How Upper Austria is tackling heating emissions through awareness raising and capacity building: new Energy Transition Platform case study

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22 February 2017

LONDON: The Climate Group has published a new case study assessing how the state of Upper Austria is implementing innovative policy packages to transform the heating sector and reduce greenhouse gases (GHG) emissions.

The new case study is part of The Climate Group’s Energy Transition Platform, a global initiative supporting highly industrialized, sub-national governments in accelerating the low carbon transition, and looks at how Upper Austria is activating both the demand and supply sides, through information and capacity building measures, to reduce emissions from heating.

In Europe, the heating sector is the biggest consumer of final energy (50%), of which 75% are sourced from fossil fuels. Reducing emissions from heating can be achieved through a combination of energy efficiency measures and a switch to renewable energy based heating systems.

The International Energy Agency (IEA) considers heating, as well as transport, to be one of the two ‘next frontiers for renewables’. According to the IEA, these two sectors have the largest untapped potential in terms of renewable energy uptake by 2040. Yet the recent REN21 report found that the expansion of renewable in the heating sector was slower than in the power sector, partly due to a lack of adequate supporting policy.

To address the heating challenge, the Upper Austrian Energy Agency has adopted an innovative approach based on a ‘sticks, carrots and tambourines’ policy package. This package brings together financial incentives (e.g. grant programs for retrofitting), regulatory measures (e.g. dynamic standards for building efficiency) and a third, often neglected pillar: information, awareness raising and capacity building programs.

The case study analyzes Upper Austria’s main ‘tambourines’ programs which are aimed at accelerating the transformation of the heating market across the demand side and the whole supply chain:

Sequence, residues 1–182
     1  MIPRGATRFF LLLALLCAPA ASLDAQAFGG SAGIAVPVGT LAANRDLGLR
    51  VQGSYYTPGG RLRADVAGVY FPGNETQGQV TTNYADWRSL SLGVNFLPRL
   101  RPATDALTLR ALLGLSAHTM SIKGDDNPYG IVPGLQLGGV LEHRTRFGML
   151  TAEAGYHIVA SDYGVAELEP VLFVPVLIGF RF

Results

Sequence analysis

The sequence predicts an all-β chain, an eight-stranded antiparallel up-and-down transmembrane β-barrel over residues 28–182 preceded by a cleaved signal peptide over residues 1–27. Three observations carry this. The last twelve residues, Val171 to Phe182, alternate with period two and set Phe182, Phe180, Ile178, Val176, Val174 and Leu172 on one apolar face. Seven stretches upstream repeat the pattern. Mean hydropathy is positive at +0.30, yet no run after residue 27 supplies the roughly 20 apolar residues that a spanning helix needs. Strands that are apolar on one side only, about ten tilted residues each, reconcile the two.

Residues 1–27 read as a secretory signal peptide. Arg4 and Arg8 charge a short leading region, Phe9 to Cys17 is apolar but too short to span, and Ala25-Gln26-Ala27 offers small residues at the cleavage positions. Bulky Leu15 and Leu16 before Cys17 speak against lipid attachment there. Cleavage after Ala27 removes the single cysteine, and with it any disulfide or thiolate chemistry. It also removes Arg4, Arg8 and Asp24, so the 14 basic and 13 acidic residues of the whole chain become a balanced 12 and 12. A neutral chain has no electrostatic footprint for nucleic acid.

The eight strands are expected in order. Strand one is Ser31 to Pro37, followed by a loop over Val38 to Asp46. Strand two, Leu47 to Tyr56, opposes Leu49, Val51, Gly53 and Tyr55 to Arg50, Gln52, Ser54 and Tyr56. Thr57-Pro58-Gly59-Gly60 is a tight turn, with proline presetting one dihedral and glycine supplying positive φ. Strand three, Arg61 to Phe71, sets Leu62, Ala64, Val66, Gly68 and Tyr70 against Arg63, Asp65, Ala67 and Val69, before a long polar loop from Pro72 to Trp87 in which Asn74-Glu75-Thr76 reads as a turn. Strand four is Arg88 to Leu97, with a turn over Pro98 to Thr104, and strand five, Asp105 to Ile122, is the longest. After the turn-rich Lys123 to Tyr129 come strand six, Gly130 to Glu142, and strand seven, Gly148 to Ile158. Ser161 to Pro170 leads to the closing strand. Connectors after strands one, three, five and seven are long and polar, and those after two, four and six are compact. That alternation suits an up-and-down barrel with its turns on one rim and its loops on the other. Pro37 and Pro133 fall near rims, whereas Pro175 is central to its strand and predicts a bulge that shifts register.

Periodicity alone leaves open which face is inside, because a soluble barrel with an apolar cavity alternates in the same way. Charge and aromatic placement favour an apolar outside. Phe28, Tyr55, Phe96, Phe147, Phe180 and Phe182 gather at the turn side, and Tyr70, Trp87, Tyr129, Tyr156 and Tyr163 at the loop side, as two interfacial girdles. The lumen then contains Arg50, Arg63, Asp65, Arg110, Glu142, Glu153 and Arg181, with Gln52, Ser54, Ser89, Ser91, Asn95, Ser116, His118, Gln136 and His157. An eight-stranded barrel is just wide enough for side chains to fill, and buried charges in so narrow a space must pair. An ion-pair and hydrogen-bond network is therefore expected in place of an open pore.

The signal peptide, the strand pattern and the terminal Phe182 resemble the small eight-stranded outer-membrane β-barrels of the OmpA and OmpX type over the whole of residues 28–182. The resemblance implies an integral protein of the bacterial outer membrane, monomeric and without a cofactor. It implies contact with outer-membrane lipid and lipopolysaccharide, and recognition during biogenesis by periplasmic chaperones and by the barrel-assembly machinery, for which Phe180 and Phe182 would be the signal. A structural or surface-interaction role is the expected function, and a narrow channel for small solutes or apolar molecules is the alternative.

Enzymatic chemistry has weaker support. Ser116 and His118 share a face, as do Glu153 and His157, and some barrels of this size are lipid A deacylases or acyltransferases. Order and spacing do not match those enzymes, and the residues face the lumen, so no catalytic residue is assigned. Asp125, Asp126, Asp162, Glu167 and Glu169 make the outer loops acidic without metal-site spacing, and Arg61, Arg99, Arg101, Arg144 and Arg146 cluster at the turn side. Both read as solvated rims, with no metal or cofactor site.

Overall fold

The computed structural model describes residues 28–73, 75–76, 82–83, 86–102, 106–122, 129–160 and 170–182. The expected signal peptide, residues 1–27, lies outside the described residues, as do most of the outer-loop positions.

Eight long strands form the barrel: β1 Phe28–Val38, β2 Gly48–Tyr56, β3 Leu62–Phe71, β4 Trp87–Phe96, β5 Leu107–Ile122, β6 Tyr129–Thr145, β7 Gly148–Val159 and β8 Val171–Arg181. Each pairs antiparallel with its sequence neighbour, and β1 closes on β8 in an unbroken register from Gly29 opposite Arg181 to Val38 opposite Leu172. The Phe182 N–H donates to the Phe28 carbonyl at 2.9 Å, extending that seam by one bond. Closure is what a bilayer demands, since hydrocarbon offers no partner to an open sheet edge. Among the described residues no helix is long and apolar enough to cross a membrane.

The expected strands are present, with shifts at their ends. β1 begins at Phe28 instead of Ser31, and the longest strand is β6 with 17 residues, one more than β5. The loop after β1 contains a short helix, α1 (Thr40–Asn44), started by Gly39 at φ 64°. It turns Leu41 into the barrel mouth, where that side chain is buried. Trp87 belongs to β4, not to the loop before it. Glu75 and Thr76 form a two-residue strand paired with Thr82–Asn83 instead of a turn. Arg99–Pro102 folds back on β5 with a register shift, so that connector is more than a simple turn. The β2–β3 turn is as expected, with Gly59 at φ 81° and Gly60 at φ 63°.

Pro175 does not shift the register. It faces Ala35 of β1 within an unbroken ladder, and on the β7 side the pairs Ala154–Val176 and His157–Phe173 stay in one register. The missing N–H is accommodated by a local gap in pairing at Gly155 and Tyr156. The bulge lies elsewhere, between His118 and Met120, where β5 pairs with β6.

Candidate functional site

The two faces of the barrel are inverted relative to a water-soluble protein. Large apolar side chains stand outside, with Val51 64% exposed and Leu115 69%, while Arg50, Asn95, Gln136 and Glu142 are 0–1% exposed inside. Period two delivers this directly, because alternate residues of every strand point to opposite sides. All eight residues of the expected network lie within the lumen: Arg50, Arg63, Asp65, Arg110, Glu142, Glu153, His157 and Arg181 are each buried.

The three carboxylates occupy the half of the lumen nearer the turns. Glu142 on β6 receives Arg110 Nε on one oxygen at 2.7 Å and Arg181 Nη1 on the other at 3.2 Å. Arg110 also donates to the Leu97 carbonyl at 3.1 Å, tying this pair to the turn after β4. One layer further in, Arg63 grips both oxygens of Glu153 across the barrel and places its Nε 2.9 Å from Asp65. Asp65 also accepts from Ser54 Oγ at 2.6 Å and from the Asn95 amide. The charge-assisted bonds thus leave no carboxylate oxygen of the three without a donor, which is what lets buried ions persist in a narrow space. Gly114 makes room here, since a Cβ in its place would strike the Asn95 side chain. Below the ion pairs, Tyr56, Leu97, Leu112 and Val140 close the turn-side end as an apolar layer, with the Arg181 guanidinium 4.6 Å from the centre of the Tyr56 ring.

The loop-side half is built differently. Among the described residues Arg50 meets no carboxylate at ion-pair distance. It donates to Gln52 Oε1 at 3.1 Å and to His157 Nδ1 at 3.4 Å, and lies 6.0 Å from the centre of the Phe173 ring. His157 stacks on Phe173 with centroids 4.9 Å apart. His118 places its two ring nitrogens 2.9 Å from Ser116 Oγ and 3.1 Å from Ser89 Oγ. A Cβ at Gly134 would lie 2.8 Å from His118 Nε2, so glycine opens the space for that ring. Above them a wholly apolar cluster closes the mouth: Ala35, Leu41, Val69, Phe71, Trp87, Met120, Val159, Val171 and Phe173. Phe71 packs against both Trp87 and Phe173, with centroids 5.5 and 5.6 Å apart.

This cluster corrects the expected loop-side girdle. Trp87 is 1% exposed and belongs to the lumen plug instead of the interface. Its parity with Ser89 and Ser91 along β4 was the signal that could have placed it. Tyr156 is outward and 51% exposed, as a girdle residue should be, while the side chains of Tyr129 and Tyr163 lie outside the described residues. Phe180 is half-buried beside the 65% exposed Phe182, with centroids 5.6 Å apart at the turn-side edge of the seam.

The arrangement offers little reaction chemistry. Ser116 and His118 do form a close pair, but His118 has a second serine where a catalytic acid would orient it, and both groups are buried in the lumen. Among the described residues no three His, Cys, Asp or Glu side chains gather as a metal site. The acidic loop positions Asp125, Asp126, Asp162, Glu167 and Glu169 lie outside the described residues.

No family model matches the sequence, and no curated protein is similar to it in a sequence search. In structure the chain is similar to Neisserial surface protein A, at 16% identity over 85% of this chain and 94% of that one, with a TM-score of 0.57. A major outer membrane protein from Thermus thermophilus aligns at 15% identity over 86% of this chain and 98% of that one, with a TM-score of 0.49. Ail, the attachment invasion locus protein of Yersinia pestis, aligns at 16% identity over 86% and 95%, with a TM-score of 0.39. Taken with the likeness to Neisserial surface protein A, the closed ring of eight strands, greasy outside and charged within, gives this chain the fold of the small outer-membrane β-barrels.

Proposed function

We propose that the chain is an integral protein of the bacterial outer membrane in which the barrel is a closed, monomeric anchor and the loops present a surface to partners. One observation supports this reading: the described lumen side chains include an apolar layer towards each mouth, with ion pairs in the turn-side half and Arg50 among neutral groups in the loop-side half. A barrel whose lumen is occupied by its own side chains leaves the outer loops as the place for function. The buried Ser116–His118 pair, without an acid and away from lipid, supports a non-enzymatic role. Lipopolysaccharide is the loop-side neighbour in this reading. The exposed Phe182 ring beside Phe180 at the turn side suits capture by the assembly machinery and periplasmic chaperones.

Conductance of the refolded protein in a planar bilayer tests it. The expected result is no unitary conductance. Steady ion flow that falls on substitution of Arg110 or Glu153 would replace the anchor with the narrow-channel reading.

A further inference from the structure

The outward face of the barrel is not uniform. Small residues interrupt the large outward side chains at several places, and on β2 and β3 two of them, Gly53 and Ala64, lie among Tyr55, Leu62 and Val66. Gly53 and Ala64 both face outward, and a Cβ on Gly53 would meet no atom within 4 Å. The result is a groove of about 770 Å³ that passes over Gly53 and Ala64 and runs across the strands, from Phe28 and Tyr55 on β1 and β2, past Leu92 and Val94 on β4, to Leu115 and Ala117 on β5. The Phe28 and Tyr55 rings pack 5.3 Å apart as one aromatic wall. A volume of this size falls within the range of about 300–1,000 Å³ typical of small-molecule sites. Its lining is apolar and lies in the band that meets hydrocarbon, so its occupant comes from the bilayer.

• The Energy Advice program supports consumers’ investment decisions related to renovation, new construction and renewable heating systems;
  • The Energy Academy provides training for businesses (manufacturers, installers, architects and banks) on topics such as energy management, solar energy storage and biomass heating;
  • The Professionals of Tomorrow program targets student from the higher education system and offers company tours, site visits and thesis’ placements.

The innovation of Upper Austria’s approach lies in the understanding that the ‘tambourines’ pillar is crucial in making traditional incentives and regulations successful. By engaging both the supply and demand sides, this pillar addresses the key challenges of a lack of awareness of customers and a lack of expertise of suppliers.

With more than 10,000 face-to-face Energy Advice sessions and 30 Energy Academy training sessions per year, the ‘tambourines’ programs are a well-established success with tangible environmental benefits: between 2003 and 2014, emissions from buildings were reduced by 42%.

The government of Upper Austria is also conscious of the economic advantages of transforming the heating market. Not only does it alleviate fuel poverty (which still affects 11% of all EU citizens), but it also creates jobs: in Austria, a country of less than 9 million inhabitants, 20,000 jobs come from the bioenergy industry.

Christiane Egger, Deputy Manager, Upper Austrian Energy Agency, said: “Upper Austria is progressing well with the transformation of the heating market - 60% of the space heat is provided by renewable energy sources and district heating. This success is due to a comprehensive policy package. We were happy to share our experience with the partner governments from the Energy Transition Platform - together, we can make progress to the benefit of our citizens, our industry and the environment.”

Beyond Upper Austria’s success in tackling emissions from the built environment, the region is also a prime example that GDP and energy consumption growth do not go hand in hand: since 2005, Upper Austria’s GDP has increased by 32%, while its final energy consumption has decreased slightly by 2%. The Upper Austrian case is yet another example of the decoupling of regional-level emissions and economic growth, echoing a recent report which showed that between 2000 and 2014, 33 of the 50 US states managed to reduce their emissions while increasing their GDP.

Download the Upper Austria case study here and find all the Energy Transition Platform’s case studies here.

The Energy Transition Platform was launched by The Climate Group, with the initiative’s lead government, North Rhine-Westphalia, and Stiftung Mercator, in early 2016. The Platform connects highly-industrialized, carbon-intensive state and regional governments in developing and implementing clean energy policies.

by Juliette Baralon

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